CASE 1678 Published on 29.09.2002

Pectus excavatum

Section

Chest imaging

Case Type

Clinical Cases

Authors

H J Williams, A H S Ahmed, R C Bhatt

Patient

34 years, female

Categories
No Area of Interest ; Imaging Technique Digital radiography
Clinical History
This patient was referred by her GP for a chest X-ray because of persistent cough and wheeze.
Imaging Findings
This patient was referred for a chest X-ray because of persistent cough and wheeze. The clinical diagnosis was asthma, but her GP wanted to exclude other causes. An abnormality was seen on her PA chest radiograph and she was recalled for a lateral view to be taken.
Discussion
This patient has a chest wall deformity with a depressed sternum known as pectus excavatum or "funnel chest". This deformity is quite common, and patients are almost always asymptomatic, but it does cause radiographic abnormalities that can be mistaken for pathology.

In patients with pectus excavatum the heart is displaced dorsally and often "squeezed" between the depressed sternum and the spine. This causes the cardiac silhouette to be shifted to the left and can give the impression of cardiomegaly. The left heart border becomes straightened as a result, and the main pulmonary trunk can look enlarged.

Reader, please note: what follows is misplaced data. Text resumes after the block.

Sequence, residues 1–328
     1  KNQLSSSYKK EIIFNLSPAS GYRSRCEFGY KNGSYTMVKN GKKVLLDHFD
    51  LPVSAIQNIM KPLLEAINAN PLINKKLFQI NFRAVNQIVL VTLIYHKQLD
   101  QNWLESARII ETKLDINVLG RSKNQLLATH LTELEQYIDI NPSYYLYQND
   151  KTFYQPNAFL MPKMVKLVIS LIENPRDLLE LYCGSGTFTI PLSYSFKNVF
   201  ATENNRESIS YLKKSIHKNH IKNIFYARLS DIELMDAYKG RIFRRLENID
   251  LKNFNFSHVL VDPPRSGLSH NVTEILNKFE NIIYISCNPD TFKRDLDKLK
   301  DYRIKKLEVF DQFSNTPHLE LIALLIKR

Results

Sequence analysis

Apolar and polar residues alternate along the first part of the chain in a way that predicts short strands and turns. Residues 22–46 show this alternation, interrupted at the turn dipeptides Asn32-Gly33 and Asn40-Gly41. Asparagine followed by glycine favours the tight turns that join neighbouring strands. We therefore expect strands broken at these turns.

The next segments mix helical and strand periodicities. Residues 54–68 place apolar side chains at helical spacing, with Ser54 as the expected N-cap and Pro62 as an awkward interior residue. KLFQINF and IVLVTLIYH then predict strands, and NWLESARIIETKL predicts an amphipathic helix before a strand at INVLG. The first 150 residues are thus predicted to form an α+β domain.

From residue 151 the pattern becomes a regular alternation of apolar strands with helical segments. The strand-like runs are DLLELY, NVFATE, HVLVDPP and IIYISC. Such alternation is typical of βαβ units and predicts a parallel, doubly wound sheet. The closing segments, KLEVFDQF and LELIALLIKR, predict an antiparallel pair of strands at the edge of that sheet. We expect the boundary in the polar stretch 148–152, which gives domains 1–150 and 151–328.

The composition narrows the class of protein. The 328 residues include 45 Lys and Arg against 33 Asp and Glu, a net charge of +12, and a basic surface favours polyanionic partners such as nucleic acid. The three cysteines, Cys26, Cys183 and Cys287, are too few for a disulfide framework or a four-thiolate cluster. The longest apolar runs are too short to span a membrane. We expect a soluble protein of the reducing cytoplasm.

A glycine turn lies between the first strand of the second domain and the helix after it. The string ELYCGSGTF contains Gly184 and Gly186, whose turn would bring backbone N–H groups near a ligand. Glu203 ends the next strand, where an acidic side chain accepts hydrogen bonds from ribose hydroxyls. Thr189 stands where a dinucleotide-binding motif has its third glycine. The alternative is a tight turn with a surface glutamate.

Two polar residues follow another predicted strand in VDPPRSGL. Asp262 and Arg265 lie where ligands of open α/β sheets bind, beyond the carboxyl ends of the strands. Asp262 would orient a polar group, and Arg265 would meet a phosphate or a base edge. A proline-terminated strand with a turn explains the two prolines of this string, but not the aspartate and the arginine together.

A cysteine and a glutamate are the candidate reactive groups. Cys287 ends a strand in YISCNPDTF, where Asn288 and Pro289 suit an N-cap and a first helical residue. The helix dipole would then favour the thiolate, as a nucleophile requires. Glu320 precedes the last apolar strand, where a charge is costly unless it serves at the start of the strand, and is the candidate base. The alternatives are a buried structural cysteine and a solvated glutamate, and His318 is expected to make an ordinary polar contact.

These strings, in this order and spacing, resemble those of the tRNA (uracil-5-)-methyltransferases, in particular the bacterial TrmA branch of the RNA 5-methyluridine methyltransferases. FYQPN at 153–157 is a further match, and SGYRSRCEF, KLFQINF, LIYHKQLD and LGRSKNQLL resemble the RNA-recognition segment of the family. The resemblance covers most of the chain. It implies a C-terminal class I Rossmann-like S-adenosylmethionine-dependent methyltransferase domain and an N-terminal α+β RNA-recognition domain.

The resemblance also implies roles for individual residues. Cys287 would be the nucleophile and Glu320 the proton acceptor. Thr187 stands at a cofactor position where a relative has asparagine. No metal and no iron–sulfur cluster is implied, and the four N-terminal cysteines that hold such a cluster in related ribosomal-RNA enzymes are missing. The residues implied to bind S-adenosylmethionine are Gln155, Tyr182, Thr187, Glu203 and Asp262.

The right heart border may bulge to the right if the heart is compressed against the spine, but is usually displaced to the left. Ill-defined shadowing in the right cardio-phrenic angle gives the impression of right middle lobe pathology, but does not show an air bronchogram. Its cause is the tissues of the anterior chest wall projected over the lung adjacent to the right heart.

Clues as to the presence of pectus excavatum on the PA radiograph are the easy visibility of the thoracic vertebral bodies and inter-vertebral discs through the heart shadow (as the heart is displaced to the left) and horizontal posterior ribs with downward sloping anterior ribs (giving a "7" and "reverse-7" configuration). Clinical examination of the patient will confirm the presence of a depressed sternum. A lateral radiograph demonstrates the sternal depression, which varies from minor sternal flattening causing slight reduction in the AP diameter of the chest to marked sternal depression and compression of the heart against the spine. The lateral radiograph also confirms the absence of right middle lobe disease and cardiomegaly.

Rarely pectus excavatum is associated with mitral valve prolapse and patients with Marfan's syndrome may have pectus excavatum.

Differential Diagnosis List
Pectus excavatum
Final Diagnosis
Pectus excavatum
Case information
URL: https://www.eurorad.org/case/1678
DOI: 10.1594/EURORAD/CASE.1678
ISSN: 1563-4086

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